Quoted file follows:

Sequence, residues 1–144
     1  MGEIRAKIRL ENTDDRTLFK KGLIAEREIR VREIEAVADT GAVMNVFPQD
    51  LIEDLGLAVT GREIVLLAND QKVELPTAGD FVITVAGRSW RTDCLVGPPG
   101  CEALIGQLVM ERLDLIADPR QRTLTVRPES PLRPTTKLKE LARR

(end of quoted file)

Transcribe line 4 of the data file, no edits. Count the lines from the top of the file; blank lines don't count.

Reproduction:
   101  CEALIGQLVM ERLDLIADPR QRTLTVRPES PLRPTTKLKE LARR